Early this month, a federal judge partially overturned Pennsylvania’s voter ID law, ruling that the state couldn’t require voters to show photo identification at the polls until after the 2012 election. But the ruling has not stopped the state from running ads suggesting otherwise—ads that have disproportionately targeted urban and minority communities that tend to vote for Democrats.
In English, the billboard pictured above reads: “This election, if you’ve got it, show it.” It is one of 58 billboards erected by Pennsylvania’s Republican-led Department of State, mostly in Democratic-leaning Philadelphia and Pittsburgh. Though Latinos make up only 6 percent of the state’s population, about 20 percent of the billboards are in Spanish. Similar Spanish-language ads appear on public buses.
“The ad is really confusing and misleading,” says Marian Schneider, the attorney with the Advancement Project who on October 2 convinced a judge to delay the state’s voter ID law. At the same time, she failed to win an injunction against advertisements publicizing the law, but Schneider recently submitted a new brief asking the court to get involved. She believes the new ads “blur the message” and may dissuade people from voting if they do not have ID.
Ron Ruman, a spokesman for the Pennsylvania’s Department of State, denies that the advertisements are misleading. “In the primary all voters were asked for ID, and they will be again in November,” he says, though he acknowledges that people will be allowed to cast regular ballots—ID or no ID. He explained that the department targeted urban locations to get the most bang for the buck, and because “there might be a larger number of people there who might not have a driver’s license.”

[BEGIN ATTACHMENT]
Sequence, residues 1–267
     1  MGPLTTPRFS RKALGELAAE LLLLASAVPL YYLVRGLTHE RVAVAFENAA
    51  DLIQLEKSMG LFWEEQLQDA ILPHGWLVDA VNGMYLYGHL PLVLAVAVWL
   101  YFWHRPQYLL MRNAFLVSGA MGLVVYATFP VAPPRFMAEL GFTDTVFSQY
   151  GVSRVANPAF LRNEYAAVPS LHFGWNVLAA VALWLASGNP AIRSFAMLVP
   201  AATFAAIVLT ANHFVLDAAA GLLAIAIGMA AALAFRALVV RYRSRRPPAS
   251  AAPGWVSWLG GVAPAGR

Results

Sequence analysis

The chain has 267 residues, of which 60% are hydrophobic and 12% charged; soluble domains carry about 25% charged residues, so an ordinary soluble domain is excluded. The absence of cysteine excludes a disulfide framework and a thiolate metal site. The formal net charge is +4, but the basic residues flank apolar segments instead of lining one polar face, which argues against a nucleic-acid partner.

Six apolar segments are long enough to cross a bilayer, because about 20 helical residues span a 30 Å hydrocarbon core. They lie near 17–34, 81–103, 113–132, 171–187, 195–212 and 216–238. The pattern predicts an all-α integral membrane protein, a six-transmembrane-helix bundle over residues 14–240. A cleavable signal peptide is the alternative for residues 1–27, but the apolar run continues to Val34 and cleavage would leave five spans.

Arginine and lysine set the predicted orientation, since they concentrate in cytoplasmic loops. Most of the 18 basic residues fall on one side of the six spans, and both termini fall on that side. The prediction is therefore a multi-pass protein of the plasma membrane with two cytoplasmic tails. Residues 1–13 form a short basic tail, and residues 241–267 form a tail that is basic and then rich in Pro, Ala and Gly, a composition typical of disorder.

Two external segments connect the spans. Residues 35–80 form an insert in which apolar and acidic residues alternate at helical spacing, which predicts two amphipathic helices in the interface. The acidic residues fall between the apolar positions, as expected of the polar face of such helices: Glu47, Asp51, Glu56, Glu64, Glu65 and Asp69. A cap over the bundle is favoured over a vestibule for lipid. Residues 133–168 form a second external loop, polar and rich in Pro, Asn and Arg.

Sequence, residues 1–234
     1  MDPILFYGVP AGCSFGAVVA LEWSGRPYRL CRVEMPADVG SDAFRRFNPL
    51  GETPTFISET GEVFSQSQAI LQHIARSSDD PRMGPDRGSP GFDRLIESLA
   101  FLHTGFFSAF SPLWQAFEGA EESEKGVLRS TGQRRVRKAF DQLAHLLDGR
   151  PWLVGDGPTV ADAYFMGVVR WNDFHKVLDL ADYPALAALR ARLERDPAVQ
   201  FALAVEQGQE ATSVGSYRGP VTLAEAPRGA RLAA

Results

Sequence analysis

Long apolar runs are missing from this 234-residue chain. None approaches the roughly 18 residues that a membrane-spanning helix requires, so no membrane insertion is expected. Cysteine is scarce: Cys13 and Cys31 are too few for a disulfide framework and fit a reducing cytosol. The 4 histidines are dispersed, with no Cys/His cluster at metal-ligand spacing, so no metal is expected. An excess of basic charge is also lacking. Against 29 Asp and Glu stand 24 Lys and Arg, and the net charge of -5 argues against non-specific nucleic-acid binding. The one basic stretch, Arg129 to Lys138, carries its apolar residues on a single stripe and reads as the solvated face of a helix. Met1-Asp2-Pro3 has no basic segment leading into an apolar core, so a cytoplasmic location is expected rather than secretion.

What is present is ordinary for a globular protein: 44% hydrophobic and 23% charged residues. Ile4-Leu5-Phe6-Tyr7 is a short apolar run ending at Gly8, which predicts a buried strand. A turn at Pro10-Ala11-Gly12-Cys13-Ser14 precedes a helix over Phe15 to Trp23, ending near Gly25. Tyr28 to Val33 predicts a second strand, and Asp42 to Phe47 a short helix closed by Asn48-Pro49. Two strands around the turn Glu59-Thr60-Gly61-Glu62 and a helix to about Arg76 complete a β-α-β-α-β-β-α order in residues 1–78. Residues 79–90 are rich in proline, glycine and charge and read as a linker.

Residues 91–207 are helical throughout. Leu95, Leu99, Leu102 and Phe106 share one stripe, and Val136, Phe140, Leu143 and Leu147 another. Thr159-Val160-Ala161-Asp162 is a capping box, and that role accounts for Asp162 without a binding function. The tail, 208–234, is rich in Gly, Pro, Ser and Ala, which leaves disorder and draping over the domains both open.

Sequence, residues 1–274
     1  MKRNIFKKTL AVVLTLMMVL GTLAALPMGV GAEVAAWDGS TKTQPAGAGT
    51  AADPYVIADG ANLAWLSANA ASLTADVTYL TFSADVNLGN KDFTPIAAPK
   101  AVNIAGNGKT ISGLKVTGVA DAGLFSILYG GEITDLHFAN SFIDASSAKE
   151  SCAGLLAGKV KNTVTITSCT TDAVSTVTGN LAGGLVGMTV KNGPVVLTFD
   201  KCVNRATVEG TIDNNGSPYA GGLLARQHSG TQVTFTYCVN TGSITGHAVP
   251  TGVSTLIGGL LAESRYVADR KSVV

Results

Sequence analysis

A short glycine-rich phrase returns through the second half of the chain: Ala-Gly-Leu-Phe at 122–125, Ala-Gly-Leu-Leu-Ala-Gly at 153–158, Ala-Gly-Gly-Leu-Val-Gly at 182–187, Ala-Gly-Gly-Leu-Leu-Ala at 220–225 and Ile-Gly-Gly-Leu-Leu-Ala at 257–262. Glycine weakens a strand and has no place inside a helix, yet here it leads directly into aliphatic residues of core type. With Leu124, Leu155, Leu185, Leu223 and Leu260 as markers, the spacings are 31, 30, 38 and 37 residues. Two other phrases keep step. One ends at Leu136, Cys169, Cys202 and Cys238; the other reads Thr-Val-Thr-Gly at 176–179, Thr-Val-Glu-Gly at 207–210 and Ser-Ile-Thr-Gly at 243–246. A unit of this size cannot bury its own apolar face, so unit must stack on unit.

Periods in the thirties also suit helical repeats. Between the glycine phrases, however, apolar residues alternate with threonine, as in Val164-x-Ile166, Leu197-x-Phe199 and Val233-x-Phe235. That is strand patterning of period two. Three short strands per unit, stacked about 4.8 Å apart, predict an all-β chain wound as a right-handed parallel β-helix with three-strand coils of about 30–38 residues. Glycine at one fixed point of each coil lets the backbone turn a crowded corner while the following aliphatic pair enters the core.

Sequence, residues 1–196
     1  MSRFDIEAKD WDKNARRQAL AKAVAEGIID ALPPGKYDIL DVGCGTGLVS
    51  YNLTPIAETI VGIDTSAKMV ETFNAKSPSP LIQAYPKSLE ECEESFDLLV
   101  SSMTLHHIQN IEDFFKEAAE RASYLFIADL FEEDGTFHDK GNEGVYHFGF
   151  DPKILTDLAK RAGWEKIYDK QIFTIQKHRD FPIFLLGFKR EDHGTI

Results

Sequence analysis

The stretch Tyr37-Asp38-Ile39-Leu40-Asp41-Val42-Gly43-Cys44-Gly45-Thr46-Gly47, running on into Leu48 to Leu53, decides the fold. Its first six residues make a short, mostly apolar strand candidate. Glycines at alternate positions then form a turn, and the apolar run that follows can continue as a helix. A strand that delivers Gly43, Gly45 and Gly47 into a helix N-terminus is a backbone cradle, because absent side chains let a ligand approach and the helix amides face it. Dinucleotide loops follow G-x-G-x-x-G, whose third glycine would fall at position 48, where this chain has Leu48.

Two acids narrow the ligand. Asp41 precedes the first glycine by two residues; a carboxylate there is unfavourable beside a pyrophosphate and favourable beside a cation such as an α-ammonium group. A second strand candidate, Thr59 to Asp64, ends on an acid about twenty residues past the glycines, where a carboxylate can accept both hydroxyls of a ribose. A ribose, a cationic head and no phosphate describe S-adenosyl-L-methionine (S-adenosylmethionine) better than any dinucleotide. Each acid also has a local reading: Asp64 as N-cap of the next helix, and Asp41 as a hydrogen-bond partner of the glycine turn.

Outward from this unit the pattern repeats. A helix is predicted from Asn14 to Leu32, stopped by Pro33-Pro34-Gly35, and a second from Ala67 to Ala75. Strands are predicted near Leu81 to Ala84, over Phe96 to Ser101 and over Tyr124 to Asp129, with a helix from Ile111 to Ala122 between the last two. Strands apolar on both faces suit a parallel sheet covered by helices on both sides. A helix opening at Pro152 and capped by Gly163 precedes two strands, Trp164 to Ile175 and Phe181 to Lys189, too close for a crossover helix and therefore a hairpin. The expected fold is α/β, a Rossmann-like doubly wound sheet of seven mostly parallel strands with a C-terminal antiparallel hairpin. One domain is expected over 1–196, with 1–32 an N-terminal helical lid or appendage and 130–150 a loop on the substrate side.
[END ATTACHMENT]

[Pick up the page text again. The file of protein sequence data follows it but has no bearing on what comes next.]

Before the court overturned Pennsylvania’s voter ID law, the state had already publicized it with TV ads, thousands of mailers, and numerous billboards and bus advertisements. In the weeks since, the state has taken down some of those ads. But one Spanish-language billboard saying, “If you want to vote, show it,” remained up for many days. And the state has not sent out mailers to clarify the altered circumstances. Voting-rights advocates accuse state elections officials of sowing more confusion with the new billboards.
“What our groups are concerned about is that the billboards are not sending voters the message that the ID is not needed for this election,” says Marcia Johnson-Blanco, codirector of the Voting Rights Project. Her group is fighting back with its own ads, which say that people without IDs can still vote this year.